SCHENGEN, LUXEMBOURG, JUNE 19 -- Five European Community nations signed an accord today under which they will end border checks for their citizens, apply a joint visa and asylum policy and share data on illegal aliens, suspected criminals and missing persons.
The long-awaited accord involving Belgium, Luxembourg, the Netherlands, France and West Germany was hailed as an example for a no-borders pact among all 12 European Community nations.
"Our agreement is a model . . . for the free movement of people in the community," Dutch Deputy Foreign Minister Piet Dankert told reporters on behalf of the signatory nations. Yet he doubted all 12 EC nations were ready to remove their borders after Dec. 31, 1992, under the EC's single-market plan. The 12 EC states have not even found unanimity for an accord on handling of asylum-seekers.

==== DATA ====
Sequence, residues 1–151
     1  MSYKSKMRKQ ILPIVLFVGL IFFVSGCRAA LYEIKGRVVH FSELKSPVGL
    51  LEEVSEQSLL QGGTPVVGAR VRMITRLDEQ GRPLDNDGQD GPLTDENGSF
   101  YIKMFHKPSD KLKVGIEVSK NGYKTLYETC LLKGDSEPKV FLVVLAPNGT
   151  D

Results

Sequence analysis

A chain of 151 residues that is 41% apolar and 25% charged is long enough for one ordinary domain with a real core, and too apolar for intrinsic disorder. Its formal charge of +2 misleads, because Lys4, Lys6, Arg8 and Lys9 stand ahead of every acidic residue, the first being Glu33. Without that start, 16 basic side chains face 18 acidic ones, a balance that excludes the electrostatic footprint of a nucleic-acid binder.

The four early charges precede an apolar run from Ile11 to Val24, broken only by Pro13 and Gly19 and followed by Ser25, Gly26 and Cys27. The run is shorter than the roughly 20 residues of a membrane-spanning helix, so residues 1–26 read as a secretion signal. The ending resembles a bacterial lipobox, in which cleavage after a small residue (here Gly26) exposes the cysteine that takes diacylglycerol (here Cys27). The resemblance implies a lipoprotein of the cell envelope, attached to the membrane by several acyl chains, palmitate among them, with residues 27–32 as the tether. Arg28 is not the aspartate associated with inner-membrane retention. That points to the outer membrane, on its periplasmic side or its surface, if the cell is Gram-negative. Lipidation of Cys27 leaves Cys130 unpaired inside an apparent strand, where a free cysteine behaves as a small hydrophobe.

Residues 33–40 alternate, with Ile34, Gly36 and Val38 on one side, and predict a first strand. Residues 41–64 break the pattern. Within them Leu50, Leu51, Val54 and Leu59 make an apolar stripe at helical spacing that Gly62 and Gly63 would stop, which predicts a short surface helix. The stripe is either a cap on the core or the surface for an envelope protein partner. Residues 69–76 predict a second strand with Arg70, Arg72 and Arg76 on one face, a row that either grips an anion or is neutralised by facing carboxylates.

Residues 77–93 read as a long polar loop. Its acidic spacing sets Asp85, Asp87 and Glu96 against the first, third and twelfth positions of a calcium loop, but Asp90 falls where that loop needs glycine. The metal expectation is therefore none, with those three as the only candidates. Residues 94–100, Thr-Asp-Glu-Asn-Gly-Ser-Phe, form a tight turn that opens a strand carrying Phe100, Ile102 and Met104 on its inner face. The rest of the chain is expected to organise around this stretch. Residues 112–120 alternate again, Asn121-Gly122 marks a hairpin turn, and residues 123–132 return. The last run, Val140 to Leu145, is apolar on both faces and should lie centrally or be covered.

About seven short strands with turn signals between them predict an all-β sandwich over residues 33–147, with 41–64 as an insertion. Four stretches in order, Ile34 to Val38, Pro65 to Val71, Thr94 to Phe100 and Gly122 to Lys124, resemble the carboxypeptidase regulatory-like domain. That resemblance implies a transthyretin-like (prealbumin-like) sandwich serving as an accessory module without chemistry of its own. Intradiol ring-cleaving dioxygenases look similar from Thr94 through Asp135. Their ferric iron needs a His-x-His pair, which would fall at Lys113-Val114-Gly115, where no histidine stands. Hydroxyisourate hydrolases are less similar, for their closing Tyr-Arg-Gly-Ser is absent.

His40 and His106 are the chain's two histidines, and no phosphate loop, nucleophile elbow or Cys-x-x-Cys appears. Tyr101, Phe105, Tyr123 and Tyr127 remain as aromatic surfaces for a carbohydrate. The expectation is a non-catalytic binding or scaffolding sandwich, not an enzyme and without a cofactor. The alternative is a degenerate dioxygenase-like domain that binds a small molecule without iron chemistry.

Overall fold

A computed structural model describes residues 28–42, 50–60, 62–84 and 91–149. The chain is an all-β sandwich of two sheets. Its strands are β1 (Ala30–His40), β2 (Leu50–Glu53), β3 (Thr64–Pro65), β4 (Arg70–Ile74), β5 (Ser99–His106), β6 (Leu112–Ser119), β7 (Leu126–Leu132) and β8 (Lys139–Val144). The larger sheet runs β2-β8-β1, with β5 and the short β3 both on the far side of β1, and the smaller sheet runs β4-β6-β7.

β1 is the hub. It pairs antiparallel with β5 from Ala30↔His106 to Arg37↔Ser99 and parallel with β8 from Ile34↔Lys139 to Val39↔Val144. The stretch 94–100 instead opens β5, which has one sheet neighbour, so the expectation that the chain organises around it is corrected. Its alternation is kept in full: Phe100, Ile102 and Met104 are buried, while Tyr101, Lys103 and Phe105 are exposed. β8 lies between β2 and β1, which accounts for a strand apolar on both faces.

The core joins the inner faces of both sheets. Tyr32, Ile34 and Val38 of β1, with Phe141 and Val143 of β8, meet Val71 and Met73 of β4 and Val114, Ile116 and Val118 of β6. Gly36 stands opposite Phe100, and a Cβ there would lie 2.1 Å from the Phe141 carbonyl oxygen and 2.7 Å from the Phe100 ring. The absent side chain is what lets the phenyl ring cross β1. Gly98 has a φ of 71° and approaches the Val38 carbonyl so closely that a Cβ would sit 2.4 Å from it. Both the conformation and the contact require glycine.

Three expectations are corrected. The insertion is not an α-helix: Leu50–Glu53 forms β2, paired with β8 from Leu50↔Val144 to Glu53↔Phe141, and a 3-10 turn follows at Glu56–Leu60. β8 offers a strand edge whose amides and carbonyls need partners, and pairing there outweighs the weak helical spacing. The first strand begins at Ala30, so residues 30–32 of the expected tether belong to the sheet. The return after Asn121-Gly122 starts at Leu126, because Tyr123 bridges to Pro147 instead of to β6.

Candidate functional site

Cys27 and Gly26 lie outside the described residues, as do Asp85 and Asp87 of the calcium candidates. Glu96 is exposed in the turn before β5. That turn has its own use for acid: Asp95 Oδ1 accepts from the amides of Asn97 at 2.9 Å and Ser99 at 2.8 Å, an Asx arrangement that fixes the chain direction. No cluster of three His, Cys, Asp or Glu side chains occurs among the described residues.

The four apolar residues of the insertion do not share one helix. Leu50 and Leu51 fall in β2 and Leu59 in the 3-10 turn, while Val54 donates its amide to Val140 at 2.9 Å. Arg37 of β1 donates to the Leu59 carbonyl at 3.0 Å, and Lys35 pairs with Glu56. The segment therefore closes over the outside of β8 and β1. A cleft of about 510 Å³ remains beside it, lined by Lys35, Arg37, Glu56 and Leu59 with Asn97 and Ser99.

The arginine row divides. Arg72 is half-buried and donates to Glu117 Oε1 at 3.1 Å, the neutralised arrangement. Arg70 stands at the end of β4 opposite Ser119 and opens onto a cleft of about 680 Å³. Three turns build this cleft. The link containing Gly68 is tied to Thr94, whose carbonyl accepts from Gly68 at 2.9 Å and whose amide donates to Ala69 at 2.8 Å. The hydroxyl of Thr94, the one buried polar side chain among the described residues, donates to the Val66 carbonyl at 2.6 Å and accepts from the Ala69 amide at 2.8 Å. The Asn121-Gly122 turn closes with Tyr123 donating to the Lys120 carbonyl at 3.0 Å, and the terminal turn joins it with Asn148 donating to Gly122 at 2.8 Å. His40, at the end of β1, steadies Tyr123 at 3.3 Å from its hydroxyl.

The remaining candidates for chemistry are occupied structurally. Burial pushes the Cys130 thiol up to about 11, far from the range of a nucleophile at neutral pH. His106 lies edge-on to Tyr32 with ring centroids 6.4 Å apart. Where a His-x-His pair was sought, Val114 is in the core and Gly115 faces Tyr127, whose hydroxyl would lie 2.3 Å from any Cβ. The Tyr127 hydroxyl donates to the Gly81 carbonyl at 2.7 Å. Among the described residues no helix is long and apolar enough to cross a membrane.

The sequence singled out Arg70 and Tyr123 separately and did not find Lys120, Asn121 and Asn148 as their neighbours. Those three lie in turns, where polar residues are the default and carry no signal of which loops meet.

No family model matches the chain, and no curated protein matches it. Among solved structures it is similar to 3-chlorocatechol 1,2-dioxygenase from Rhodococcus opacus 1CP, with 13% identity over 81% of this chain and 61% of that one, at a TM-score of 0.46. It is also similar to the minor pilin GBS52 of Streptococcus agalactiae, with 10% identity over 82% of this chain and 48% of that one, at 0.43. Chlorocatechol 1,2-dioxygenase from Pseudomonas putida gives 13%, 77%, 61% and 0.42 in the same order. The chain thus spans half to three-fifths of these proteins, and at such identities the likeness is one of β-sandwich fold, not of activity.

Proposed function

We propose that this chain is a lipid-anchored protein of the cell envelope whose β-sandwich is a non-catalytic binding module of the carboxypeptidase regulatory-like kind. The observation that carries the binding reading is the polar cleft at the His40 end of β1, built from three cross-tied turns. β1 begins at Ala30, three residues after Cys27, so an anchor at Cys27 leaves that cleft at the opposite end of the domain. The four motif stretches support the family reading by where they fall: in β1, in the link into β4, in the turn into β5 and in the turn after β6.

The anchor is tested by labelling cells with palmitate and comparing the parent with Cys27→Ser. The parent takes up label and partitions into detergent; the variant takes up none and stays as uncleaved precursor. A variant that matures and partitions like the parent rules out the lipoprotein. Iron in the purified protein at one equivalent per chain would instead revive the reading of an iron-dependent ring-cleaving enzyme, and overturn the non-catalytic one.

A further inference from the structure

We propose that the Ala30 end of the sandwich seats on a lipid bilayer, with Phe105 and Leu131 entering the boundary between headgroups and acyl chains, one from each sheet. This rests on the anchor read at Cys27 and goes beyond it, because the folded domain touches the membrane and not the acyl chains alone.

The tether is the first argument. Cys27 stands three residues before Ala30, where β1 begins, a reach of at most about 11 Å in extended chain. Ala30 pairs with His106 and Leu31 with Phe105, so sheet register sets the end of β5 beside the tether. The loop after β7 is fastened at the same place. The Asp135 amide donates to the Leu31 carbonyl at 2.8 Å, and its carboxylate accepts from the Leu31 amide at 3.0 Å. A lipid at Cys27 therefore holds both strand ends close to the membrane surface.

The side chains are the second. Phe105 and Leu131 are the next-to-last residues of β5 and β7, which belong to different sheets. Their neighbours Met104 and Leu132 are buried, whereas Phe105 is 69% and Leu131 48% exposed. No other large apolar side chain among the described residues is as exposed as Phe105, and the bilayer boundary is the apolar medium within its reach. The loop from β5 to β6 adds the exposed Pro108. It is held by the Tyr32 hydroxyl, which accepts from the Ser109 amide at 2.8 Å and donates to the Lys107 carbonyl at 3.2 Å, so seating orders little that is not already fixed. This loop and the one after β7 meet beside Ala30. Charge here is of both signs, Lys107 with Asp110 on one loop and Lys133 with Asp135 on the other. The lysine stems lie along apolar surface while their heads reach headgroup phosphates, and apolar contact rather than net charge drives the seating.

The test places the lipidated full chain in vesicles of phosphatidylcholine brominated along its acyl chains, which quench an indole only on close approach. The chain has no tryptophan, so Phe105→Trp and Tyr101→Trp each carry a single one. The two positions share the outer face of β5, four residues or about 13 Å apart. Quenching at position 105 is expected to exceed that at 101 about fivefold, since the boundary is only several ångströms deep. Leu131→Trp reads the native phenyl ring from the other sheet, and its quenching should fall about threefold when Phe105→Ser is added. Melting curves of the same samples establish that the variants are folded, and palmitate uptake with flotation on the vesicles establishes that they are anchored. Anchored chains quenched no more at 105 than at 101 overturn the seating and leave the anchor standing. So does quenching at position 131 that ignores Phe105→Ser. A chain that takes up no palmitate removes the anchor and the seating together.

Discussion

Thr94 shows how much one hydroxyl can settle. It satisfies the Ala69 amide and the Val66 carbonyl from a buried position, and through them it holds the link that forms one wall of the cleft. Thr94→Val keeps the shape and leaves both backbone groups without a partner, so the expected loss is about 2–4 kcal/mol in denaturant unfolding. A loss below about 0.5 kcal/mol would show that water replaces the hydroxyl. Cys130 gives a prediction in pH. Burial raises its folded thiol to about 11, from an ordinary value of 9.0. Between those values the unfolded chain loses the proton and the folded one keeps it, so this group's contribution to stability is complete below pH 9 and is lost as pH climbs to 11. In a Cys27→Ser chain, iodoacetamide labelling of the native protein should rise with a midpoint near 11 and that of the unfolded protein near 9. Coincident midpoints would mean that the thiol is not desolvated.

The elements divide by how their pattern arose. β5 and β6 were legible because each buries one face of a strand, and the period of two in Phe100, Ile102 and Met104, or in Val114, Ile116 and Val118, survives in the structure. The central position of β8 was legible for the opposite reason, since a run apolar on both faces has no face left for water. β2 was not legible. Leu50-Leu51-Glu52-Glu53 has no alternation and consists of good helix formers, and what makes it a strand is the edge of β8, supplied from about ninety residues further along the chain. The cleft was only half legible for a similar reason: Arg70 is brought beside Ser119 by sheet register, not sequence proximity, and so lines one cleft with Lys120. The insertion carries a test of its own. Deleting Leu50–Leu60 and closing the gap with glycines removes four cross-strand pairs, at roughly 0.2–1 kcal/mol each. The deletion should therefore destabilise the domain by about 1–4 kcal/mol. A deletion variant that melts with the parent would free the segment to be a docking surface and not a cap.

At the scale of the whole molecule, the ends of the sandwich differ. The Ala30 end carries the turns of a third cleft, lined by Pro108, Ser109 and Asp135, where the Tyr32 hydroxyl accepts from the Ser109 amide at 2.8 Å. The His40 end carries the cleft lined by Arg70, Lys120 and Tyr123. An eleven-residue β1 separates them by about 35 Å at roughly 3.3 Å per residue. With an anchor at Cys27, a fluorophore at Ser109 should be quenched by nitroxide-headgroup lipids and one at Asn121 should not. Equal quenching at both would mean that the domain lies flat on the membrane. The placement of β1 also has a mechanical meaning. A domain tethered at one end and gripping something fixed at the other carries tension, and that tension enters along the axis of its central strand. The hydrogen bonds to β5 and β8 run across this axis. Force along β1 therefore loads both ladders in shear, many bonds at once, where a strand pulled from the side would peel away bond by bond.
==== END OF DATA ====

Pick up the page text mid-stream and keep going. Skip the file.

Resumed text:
The five-nation pact will be extended to include East Germany after its expected merger with West Germany, making it the first such international treaty.
Negotiations are to open this week with Italy, which wants to join the Schengen accord, named for this village on the Luxembourg-German-French border where it was signed.
The accord, in the works since 1985, must be ratified by the national legislatures to take effect, a process that may take two years.
Under the accord, the five signatory nations will remove internal border checks for their citizens and legal residents and let legally admitted people from outside the five nations move within their boundaries for three months without a visa; apply a joint policy to prevent "asylum shopping," whereby refugees go from one nation to the next to get residency visas; intensify cooperation between police and justice officials and allow police to pursue criminal suspects across national boundaries; simplify extradition procedures and harmonize gun-control legislation; and share information on people who are wanted, missing or considered dangerous.